A modern SoC requires efficient power control infrastructure to provide maximum performance with minimum required power. Arm is the leader in low power innovation and architecture, from Arm big.LITTLE to the latest Arm DynamIQ clusters. As the power domain and operation modes become more granular, on-chip power management presents more complexity and takes more time to implement.
Taking a mobile SoC as an example, in addition to the processing elements, communications and common system functionalities there is usually an "always-on" domain which contains the power controller functions that need to remain active even in SoC sleep states. There are coordination challenges related to this power control function, as the complexity of power and thermal management increases. These challenges arise because there are many elements to manage, including clock and voltage supplies, power domains, sensor inputs, events and so on.
Another significant challenge is the integration of power management infrastructure across the SoC. This infrastructure is pervasive, and requires ensuring that all components participate in clock and power domain management. Arm describes an approach to power infrastructure integration in the Arm Power Control System Architecture (PCSA) specification, where standard infrastructure components are used. These components constitute the new Arm CoreLink PCK-600.
CoreLink PCK-600 is a collection of standardized and pre-verified Arm IP which is implemented to the Arm Low Power System Architecture specification. It is developed based on the P and Q-Channel Low Power Interface (LPI) standard. LPI has been widely adopted by Arm partners, who also implement it in their own IP, which needs to work with Arm IP. CoreLink PCK-600 is delivered with the following components:
Top-level example SoC integration of PCK-600 components
The Power Policy Unit (PPU) is a standard component for abstracting software controlled power domain policy down to low level hardware control signalling. In a typical arrangement, one PPU is used to control each power gated domain. The System Control Processor (SCP) firmware can program the power policy of a PPU. This policy can be either a static power mode, or a range of modes that the PPU can transition between dynamically. This dynamic behaviour is based on activity indicators from component LPIs without the need for further SCP programming. This enables hardware autonomous modes, such as dynamic retention, which can be entered and exited transparently to software. This provides responsive power control enabling components to be in the lowest power state possible, while maintaining functionality, with only policy level control from the SCP. A typical SCP to PPU integration would look something like the following, where the SCP is orchestrating power management through:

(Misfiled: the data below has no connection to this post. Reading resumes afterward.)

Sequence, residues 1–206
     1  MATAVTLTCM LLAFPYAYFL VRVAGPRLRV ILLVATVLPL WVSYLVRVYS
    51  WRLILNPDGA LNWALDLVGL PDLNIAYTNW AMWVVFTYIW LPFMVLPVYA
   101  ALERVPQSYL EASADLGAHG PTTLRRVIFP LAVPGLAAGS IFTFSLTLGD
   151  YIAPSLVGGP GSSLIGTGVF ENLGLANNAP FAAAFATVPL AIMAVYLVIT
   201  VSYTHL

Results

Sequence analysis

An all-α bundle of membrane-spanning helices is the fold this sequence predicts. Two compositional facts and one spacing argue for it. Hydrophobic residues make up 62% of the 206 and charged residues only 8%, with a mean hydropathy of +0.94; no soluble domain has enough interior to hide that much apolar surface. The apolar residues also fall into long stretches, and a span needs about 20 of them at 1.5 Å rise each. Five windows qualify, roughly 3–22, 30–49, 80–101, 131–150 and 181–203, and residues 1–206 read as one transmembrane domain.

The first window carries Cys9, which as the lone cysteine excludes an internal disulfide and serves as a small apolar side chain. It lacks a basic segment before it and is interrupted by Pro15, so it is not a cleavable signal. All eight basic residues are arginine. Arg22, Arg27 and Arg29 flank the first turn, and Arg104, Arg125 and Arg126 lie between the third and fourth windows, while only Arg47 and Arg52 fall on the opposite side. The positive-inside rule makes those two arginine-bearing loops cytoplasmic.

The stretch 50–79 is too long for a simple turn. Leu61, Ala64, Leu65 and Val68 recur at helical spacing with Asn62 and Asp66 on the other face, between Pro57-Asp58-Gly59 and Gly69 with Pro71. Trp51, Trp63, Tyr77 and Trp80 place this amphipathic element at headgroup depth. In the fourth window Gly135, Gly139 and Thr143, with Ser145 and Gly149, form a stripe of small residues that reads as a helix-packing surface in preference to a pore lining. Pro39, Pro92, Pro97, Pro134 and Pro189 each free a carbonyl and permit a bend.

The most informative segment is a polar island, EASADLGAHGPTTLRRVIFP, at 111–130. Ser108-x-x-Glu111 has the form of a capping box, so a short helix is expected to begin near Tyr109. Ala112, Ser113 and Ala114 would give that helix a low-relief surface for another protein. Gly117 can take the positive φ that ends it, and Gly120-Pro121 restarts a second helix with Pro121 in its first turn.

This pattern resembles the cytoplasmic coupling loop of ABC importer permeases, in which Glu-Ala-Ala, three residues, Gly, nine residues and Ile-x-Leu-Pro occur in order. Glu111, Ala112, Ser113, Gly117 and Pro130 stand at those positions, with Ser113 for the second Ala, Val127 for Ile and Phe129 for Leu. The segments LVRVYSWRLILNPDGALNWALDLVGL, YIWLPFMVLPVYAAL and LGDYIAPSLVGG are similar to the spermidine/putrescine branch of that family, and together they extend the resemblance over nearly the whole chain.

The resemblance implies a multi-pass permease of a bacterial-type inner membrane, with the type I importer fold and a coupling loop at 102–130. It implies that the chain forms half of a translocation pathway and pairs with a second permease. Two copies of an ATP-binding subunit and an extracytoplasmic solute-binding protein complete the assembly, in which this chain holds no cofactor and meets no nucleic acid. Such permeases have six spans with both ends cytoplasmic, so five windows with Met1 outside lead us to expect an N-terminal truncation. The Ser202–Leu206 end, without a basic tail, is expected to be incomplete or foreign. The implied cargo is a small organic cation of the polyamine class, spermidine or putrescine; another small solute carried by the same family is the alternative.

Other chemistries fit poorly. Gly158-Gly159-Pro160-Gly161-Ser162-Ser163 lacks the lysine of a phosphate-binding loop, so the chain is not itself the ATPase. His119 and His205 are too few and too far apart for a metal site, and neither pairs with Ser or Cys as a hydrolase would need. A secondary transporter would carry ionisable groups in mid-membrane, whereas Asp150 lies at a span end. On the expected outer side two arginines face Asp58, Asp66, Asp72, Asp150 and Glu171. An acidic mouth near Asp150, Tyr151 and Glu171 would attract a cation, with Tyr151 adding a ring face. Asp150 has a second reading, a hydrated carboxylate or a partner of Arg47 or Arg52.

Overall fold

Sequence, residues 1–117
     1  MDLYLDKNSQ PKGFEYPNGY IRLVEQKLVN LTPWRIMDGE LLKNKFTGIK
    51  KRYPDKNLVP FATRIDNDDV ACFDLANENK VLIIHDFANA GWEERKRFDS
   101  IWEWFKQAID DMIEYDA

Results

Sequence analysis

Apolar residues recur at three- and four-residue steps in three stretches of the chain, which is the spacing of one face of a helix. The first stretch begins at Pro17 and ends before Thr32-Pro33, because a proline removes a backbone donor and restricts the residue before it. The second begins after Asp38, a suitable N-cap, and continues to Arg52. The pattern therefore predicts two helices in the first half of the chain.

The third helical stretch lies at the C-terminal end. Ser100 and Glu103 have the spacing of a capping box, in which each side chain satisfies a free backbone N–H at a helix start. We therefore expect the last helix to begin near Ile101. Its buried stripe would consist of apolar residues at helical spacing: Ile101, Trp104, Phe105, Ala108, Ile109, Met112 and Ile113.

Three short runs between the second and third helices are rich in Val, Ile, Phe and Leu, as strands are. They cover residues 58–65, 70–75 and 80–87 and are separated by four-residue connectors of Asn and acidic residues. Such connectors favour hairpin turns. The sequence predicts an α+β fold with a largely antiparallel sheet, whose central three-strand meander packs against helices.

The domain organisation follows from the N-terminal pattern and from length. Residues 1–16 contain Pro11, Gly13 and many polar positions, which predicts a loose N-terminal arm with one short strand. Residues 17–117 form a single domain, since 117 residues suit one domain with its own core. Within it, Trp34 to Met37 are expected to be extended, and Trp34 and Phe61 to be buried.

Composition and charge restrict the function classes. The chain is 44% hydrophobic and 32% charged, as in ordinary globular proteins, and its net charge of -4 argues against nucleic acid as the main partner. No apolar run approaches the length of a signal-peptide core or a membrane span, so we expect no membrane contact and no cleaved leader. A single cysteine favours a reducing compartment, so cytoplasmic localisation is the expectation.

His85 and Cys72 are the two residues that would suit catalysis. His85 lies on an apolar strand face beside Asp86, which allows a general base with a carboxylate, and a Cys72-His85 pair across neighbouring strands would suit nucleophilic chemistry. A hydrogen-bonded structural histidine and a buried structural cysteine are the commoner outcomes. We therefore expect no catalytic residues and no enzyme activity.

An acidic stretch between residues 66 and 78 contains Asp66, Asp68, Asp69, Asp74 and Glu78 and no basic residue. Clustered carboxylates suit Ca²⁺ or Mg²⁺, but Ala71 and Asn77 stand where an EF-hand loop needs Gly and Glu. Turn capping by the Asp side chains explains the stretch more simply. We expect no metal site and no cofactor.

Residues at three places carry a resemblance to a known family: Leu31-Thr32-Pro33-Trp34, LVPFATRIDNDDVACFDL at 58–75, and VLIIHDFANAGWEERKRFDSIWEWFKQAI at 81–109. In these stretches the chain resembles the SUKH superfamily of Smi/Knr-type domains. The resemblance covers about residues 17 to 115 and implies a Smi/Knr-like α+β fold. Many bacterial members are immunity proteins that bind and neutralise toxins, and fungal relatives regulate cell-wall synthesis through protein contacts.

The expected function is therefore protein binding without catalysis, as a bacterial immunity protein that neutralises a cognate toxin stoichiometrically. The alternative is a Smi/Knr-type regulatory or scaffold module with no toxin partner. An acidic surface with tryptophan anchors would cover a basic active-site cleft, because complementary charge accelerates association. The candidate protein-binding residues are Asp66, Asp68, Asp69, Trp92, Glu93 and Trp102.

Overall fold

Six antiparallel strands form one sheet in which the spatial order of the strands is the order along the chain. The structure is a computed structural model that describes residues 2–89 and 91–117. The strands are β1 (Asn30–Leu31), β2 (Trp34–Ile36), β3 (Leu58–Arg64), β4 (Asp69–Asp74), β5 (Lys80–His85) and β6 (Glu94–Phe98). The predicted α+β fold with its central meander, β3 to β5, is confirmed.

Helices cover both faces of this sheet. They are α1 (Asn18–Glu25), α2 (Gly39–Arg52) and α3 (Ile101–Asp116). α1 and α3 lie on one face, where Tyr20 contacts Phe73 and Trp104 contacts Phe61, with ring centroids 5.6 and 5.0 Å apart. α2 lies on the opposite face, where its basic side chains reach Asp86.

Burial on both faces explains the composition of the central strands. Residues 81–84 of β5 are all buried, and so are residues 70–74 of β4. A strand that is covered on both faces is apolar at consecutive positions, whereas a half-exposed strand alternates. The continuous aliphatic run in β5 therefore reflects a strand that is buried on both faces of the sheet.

Example power domain management with the Power Policy Units
The clock controller is used to provide high-level clock gating for components in a clock domain that have either Q-Channel LPI clock gating support, or AXI LPI clock gating support. The clock controller combines LPIs from multiple components to manage a single clock domain. It uses the LPIs to ensure all components are in a quiescent state before the clock is gated. It also ensures the clock is running again before any component leaves the quiescent state.
The clock controller allows LPIs to be controlled asynchronously so that the synchronous clock enable from the clock controller can be applied to a clock gate at the root of the clock tree. This high-level clock gating can result in near zero dynamic power in idle scenarios and does not exclude any clock gating from being implemented inside components at a finer granularity.
The power distribution network across the SoC is implemented through a chain of connectors and convertors that help combine or distribute P-channel and Q-Channel LPIs. For instance, LPD-Q is used to expand a single controller Q-channel into multiple component Q-Channels. The same applies to LPD-P as a P-channel distributor component. Where there are components which have dependencies on the state of multiple power domains, the LPC is used to combine the Q-Channels from the relevant domains to mediate the correct power sequencing. The P-to-Q convertor is used to facilitate operations between different pieces of IP which have different low power interface standards.
As a summary, CoreLink PCK-600 provides the following benefits:
To request for more information on CoreLink PCK-600, please visit:
PCK-600 product page